IN this day and age where lifestyle-related diseases are prevalent, many avoid high cholesterol food.

As such, those who consume braised chicken feet are a dying breed.

I, however, join the ranks of fearless individuals who risk it all for a good meal and when it comes to chicken feet, you can either love it to death (pun intended) or simply enjoy “chewing the fat”.

This brings me to my latest discovery in Jalan Pudu Ulu in the outskirts of Kuala Lumpur’s city centre.

There is a makan place called Char Siew Yoong (GPS N 03 07.239, E 101 43.788) that serves really good fung chau (braised chicken feet in dark soya sauce).

Thanks to my good old makan kaki, Taukeh James Lam, I gave Char Siew Yoong’s braised chicken feet a try and found it one of the best around.

Compared to the roadside stall in Jalan San Peng that sells the same dish, I give Yoong’s fung chau a 7.5 out of 10 on the Samo-scale.

Why? Because the gravy is so tasty and the skin, tendon and flesh literally melt in your mouth. And at RM8 a helping, I cannot complain.

For the uninitiated, this delicacy is best eaten with a plate of hot rice.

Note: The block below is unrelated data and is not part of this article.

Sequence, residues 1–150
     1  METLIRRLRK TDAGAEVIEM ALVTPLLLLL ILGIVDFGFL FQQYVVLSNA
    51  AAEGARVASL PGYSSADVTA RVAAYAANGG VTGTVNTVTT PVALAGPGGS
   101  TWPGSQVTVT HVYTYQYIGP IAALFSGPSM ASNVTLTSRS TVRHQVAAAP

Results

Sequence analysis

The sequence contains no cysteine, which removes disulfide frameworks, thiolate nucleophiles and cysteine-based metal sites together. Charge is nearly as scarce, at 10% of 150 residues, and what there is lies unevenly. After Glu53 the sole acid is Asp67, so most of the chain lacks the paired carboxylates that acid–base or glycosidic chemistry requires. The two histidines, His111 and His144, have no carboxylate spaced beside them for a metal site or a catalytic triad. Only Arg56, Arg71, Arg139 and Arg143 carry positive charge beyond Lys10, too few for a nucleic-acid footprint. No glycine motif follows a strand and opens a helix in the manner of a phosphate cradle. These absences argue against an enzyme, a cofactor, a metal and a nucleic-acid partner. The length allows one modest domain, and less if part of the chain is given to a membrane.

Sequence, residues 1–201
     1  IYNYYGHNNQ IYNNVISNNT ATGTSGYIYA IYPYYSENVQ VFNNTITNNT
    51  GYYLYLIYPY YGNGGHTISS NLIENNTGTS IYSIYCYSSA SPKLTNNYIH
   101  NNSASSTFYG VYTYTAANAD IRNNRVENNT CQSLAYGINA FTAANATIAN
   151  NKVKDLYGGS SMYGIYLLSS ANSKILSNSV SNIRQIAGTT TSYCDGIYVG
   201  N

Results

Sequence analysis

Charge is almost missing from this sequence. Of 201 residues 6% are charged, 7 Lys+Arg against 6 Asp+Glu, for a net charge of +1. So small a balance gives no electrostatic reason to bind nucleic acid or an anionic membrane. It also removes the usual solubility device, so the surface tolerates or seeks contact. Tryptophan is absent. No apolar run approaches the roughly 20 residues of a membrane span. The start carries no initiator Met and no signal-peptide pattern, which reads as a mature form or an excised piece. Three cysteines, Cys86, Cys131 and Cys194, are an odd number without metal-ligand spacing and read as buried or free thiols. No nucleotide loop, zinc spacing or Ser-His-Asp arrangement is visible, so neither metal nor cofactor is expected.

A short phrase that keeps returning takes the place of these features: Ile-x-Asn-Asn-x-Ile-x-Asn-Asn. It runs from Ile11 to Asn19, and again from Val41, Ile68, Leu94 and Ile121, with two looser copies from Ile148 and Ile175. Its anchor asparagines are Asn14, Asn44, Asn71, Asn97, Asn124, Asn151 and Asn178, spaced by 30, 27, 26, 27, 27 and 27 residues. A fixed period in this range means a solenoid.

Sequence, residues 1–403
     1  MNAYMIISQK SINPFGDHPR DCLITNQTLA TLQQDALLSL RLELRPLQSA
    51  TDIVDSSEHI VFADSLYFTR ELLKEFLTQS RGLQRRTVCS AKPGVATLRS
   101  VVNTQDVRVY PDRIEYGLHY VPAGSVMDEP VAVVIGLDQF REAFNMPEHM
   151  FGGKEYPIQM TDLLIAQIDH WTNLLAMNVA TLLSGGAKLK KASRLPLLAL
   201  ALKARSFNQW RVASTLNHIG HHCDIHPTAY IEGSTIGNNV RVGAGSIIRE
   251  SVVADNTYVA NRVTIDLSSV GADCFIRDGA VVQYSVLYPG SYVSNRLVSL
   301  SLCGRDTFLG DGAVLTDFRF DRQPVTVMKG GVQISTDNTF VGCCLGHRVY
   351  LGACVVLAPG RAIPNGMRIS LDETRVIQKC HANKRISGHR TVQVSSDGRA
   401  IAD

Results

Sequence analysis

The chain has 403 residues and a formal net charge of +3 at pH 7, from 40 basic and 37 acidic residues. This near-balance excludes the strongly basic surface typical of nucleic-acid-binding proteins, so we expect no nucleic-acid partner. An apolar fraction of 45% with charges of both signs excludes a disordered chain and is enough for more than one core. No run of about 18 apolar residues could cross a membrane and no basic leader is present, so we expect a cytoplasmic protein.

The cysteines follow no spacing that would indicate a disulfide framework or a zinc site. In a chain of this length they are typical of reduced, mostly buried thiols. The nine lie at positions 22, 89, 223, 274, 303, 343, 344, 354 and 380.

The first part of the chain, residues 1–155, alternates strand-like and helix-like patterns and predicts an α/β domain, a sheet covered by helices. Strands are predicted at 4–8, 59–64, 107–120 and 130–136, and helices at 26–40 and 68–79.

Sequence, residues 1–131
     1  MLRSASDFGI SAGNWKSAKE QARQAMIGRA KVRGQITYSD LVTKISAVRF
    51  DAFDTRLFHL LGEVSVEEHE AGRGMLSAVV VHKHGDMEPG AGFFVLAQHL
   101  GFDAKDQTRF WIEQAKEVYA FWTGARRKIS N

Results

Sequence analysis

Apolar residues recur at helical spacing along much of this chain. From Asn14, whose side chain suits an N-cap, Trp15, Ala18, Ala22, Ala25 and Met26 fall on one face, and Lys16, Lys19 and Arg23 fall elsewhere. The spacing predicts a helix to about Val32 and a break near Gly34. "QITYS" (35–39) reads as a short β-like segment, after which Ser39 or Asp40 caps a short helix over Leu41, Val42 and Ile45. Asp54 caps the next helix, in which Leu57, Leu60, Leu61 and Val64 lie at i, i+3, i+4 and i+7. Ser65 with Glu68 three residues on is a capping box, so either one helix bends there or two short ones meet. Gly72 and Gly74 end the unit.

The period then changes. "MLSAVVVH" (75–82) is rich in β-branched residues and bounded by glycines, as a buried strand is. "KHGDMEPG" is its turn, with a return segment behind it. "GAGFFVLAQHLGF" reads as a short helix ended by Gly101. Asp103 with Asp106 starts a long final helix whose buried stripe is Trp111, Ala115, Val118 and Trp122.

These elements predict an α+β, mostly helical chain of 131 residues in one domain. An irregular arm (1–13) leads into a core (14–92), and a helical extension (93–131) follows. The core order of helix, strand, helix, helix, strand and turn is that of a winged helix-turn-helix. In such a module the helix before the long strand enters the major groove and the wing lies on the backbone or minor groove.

And just when I thought I could not be luckier, I discovered that the char siew (BBQ pork with molasses) served in this shop simply out of this world.

A woman manning the stall, who saw me salivating over the strips of char siew hanging in a glass showcase, offered me a piece to try.

The char siew on a toothpick was piping hot and simply delicious, leaving me wanting more.

Without a doubt, this char siew (RM14 for a small plate and RM40 to RM50 for a strip, depending on size) beats the char siew offered at Famous Seremban Favourites restaurant in the Aman Suria township featured last week.

Char Siew Yoong’s BBQ pork is perfect, earning a 10 out of 10 on the Samo-scale.

Last but not least, the meat dish worth the wait was the siew yuk (roasted pork).

Lam, my long-lost lunch buddy, said the shop owner would usually bring out the dish last and that it sold out fast.

“There is a long queue at the entrance and even before 1pm, the siew yuk is gone,” said Lam.

After many disappointments, this is one shop that got it right.

The siew yuk skin is crispy and crunchy, its flesh soft, juicy and succulent.

The roasted pork dish really made my day.

And at RM6.50 a plate, this shop is the first recipient of the “Samo-Gold Medal” for food, far exceeding my expectations.

Another of Char Siew Yoong’s offering is their braised pork trotters but we decided to try this another time.

I have vowed to return, this time with a larger group of wai sek kuai (gluttons).

Char Siew Yoong is open for lunch until 5pm.

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